When Good Friday rolled around, the Romans were still very much in control. The religious establishment had Jesus arrested and tried. His would-be followers and supposed supporters were nowhere to be found. True to form, these hypocrites honored Jesus with their lips, but their hearts were far from him.[ix] After all, the great crowd’s expectations weren’t met. Their zeal for the Lord was shallow. They pinned their hopes and dreams on the mind-blowing miraculous deeds Jesus could do for them. They were caught up and confused with all the signs and wonders he performed. When his mission misfired and their plans came to nothing, their enthusiasm dried up. When Jesus failed to meet their worldly demands, they turned on him. Their brittle hearts hung him out to dry. Their willing “Yes!” wilted down to a chilling “No!” The same voices that cried out “Hosanna!” six days ago, now cried out “Crucify him! Crucify him!”[x]
The problem with pilgrims is that they would willingly get behind Jesus’ parade to the throne, but they would not follow him on the road to the cross. They would gladly choose the crown of gold over the crown of thorns. They would say “Yes” to the thrill of victory and “No” to the agony of defeat. These pilgrims would wave palms before the coming King of Israel, but they would not bow down and obey the Suffering Servant of God.[xi]
Palm Sunday is a day in history that speaks to Christians in every age. It’s relatively easy to set aside one Sunday out of the year to wave our palms and sing our hymns of Hosanna to our hearts content. It was one thing to rally behind Peter and say alongside him, “Even though I must die with you, I will not deny you.”[xii] I will not disown you. I will never say that I don’t know you. It’s another thing to take up our cross alongside Jesus Christ and follow him to our death.
I’d like to introduce to you two modern-day pilgrims in search of the truth—men that asked what it meant to follow Christ. Eric and John are two seekers that I have come to know through my teaching ministry. They were intelligent as they were inquisitive. Eric was a former senior graphic designer on my staff in the early 1980s. John worked in the healthcare industry providing nurses for caregiver homes throughout Los Angeles. Both men said “Yes” when they were invited to attend a Bible study. Eric attended a study with his peer group in Metro Manila, while John attended a study alongside those in the medical industry in Eagle Rock. It was obvious that both men replied with a “Yes” to attend and know Christ, but really meant “Maybe” when it came down to following Christ.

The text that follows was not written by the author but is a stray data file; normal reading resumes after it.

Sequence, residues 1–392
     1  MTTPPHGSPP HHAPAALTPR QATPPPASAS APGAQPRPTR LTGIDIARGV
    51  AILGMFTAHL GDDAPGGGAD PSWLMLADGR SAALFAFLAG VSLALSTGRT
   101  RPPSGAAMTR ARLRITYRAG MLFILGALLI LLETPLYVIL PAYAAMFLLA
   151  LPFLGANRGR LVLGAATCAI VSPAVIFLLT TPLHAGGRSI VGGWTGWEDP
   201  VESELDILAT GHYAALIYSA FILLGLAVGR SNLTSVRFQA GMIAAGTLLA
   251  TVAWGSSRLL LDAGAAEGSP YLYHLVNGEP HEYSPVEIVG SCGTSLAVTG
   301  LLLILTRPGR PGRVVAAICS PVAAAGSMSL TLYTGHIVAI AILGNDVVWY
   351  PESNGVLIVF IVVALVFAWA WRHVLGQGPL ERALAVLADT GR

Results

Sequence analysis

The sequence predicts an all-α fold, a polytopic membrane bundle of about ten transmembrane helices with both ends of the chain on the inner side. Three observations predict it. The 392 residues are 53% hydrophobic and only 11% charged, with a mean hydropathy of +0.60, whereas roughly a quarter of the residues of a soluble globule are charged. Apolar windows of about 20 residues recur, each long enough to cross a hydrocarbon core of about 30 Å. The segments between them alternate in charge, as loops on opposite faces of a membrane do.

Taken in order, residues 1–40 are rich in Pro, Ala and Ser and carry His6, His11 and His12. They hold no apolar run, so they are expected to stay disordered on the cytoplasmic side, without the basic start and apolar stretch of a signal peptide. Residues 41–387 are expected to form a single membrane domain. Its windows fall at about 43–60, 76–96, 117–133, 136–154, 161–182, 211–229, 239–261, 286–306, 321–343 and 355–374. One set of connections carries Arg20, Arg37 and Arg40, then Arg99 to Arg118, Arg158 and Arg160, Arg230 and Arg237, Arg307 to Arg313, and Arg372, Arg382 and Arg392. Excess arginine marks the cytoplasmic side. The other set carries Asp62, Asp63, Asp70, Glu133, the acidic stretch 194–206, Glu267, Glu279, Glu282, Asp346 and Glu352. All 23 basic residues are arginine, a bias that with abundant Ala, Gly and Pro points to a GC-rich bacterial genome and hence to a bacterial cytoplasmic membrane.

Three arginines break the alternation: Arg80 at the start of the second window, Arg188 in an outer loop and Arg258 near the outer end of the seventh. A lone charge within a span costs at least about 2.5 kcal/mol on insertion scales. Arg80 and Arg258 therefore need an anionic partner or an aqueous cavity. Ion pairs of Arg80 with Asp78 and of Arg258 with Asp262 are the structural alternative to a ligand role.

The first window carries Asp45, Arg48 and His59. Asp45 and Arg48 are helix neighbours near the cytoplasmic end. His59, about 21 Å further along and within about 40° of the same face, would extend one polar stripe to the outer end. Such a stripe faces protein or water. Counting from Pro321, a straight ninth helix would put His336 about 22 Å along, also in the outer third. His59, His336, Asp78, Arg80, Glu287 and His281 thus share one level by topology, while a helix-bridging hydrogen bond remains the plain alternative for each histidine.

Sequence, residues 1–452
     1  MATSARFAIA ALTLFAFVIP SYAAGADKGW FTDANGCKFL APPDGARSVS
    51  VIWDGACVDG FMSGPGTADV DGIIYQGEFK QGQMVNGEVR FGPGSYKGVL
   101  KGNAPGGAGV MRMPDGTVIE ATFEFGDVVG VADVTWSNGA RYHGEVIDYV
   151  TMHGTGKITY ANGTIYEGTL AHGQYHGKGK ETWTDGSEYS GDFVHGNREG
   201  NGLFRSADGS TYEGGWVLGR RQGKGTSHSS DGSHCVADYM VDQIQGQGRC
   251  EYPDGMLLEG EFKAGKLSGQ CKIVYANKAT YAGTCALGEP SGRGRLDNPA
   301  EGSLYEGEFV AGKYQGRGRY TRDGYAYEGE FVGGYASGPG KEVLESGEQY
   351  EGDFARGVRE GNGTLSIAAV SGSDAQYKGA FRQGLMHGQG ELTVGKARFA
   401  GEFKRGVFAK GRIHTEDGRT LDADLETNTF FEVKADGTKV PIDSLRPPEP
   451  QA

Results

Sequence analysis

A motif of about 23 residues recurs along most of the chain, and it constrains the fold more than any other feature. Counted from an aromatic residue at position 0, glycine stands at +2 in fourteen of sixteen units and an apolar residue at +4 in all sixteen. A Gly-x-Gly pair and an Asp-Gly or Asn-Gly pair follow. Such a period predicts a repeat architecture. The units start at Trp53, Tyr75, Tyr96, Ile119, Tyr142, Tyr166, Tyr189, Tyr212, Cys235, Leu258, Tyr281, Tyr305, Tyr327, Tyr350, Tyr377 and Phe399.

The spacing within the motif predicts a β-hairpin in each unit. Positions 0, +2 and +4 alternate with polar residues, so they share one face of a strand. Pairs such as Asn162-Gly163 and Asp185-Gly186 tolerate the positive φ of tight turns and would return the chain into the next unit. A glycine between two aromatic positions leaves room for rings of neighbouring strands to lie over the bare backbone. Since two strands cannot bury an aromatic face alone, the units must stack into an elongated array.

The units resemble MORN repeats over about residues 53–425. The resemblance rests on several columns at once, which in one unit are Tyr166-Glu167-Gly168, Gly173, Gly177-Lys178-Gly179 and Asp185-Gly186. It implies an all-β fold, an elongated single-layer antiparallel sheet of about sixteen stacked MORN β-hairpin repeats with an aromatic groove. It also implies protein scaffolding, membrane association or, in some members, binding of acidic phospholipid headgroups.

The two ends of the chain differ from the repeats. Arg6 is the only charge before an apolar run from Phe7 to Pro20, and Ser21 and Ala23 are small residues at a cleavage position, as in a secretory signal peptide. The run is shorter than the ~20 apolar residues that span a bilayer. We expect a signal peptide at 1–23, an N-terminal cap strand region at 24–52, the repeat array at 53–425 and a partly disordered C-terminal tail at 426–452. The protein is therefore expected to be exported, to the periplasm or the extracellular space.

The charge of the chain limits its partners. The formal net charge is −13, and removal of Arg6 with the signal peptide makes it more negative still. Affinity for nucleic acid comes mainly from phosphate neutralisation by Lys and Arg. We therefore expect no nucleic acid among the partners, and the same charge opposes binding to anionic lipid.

In time, Eric understood and embraced the commitment he needed to make in carrying his cross daily in order to follow Jesus. He got involved in a church, continued to attend Bible studies, exercised his God-given spiritual gifts, joined the choir, and made a difference for Christ through his life in his community. Eric’s initial reply “Maybe” eventually became a resounding “Yes.”
John, on the other hand, was an antagonist. His questions in the Bible studies were often sarcastic and at times disruptive. In spite of being reprimanded for his attitude, John continued to attend in Eagle Rock. While he was listening to the lessons, he was squeezing his knowledge of Christ into a box of his own choosing. He persisted to make Jesus out according to his own preconceived understanding. As John would find himself at cross-purposes with the teachings of Bible, his initial reply “Maybe” was obviously a discouraging “No.”